Under Michigan law, "[t]he validity and construction of a contract are controlled and to be determined by the laws of the situs, or place where the contract was entered into. Fireman's Fund Ins. Co. v. Ex-Cell-O Corp., 702 F.Supp. 1317, 1328 (E.D. Mich. 1988). In Michigan, a contract is deemed to have been made in the state where the last act necessary to make it a binding agreement took place." Millgard Corp. v. Fireman's Fund Ins. Co., 755 F.Supp. 181 (E.D. Mich. 1991). See also Wells v. 10-X Manufacturing Co., 609 F.2d 248 (1979); McLouth Steel Corp. v. Jewell Coal and Coke Co., 570 F.2d 594 (1978).
Notwithstanding the foregoing, there is still uncertainty with respect to what the "last act" is that is required to consumate an insurance contract. See, Morbark Industries, Inc. v. Western Employers Ins. Co., 170 Mich. App. 603, 616, 429 N.W.2d 213 (1988)(focusing on place of countersignature). But see, CPC International v. Aerojet-General, 825 F.Supp. 795 (W.D. Mich. 1993)(holding that location of pollution is more important under "most significant relationship" test than place of contracting). See also Chrysler Corp. v. Skyline Industrial Service, Inc., 199 Mich. App. 366, 502 N.W.2d 715 (1993), leave to appeal granted, 521 N.W.2d 13 (Mich. 1994)(adopting "most significant relationship" test for contract case); Meijer v. General Star Ind. Co., 826 F.Supp. 241 (W.D. Mich. 1993).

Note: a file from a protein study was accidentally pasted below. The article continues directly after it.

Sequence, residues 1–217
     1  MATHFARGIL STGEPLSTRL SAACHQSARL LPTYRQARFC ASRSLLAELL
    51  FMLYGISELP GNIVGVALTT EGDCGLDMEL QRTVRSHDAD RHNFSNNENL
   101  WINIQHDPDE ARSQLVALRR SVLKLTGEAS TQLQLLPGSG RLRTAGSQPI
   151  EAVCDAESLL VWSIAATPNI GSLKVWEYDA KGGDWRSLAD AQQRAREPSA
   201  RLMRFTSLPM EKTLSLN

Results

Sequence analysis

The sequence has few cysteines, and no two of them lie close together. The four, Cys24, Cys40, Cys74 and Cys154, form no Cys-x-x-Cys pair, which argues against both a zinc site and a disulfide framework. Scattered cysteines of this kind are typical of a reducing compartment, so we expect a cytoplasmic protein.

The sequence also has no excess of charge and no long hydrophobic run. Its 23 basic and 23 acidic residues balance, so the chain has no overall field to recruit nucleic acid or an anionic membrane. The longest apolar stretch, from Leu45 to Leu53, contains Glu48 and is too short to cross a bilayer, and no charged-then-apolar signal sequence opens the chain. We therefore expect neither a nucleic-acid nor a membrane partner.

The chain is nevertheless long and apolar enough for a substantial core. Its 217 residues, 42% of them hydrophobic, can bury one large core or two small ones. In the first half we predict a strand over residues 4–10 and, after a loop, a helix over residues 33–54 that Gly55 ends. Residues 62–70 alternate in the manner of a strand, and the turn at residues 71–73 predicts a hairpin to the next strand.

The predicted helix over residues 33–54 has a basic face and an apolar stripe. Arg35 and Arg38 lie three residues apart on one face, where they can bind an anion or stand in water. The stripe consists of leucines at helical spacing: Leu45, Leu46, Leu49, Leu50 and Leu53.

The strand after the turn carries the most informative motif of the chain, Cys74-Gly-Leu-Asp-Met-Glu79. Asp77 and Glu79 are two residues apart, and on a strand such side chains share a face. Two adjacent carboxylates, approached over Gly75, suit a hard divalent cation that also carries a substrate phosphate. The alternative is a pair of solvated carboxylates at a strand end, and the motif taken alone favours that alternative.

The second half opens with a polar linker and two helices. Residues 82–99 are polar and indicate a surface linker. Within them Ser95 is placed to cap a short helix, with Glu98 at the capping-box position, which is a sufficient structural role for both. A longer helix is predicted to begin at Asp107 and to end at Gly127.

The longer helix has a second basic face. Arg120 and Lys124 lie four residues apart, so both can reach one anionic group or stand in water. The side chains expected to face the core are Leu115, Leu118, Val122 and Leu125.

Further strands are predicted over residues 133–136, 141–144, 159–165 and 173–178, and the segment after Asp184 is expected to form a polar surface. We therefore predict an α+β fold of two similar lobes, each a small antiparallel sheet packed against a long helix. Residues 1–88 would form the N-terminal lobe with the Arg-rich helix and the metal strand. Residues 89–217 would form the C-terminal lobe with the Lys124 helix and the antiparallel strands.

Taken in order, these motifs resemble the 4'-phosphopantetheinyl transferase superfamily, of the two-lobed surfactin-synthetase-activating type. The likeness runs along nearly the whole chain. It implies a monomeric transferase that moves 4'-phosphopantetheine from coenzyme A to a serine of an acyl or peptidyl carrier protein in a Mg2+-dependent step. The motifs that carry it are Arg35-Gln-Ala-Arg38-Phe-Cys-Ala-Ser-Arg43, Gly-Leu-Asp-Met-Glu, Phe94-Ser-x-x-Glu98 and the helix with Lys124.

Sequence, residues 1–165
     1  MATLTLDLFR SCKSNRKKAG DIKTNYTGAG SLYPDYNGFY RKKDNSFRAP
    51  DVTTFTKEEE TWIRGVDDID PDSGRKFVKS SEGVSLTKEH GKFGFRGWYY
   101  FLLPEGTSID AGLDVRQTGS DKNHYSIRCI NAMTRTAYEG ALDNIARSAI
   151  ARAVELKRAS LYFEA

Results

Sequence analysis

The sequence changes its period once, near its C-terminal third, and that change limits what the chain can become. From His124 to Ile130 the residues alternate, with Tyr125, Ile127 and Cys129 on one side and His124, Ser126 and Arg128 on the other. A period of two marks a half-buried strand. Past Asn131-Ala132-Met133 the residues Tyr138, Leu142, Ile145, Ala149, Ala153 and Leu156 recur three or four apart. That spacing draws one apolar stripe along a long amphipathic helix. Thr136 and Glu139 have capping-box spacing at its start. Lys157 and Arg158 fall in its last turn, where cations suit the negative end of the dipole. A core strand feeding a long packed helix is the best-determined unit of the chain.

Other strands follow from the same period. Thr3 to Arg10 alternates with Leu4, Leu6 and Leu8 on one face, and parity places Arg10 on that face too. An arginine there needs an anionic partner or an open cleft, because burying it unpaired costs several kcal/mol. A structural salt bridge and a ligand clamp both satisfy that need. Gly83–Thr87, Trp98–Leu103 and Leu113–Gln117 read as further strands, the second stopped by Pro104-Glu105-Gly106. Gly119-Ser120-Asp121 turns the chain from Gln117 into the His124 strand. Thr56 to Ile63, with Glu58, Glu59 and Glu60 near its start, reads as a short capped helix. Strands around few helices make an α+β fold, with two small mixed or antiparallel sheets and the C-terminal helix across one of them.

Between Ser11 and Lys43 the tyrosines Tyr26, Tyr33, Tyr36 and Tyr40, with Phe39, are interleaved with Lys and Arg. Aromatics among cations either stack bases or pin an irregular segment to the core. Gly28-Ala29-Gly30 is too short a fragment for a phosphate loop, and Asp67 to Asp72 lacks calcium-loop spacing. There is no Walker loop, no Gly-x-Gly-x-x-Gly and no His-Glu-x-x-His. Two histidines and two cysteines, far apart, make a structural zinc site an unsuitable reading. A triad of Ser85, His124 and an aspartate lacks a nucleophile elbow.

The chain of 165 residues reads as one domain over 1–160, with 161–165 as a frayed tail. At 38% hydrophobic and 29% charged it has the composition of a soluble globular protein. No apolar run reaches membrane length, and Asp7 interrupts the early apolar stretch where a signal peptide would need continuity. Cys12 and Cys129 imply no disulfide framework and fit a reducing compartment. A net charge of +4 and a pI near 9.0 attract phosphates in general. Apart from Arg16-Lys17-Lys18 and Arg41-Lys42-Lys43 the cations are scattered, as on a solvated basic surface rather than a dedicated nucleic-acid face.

The general rule in Michigan is that a Michigan court will apply Michigan law unless a rational reason to do otherwise exists. Sutherland v. Kennington Truck, 454 Mich. 274, 286, 562 N.W.2d 466 (1997). For the most part, Michigan courts will apply Michigan law to contracts entered into in Michigan. Roskam Baking Co. v. Northern Ins. Co. of New York, 1999 U.S. Dist. LEXIS 3224 (W.D. Mich. January 6, 1999).
was applied to a multi-site pollution case in Aetna Cas. & Sur. Co.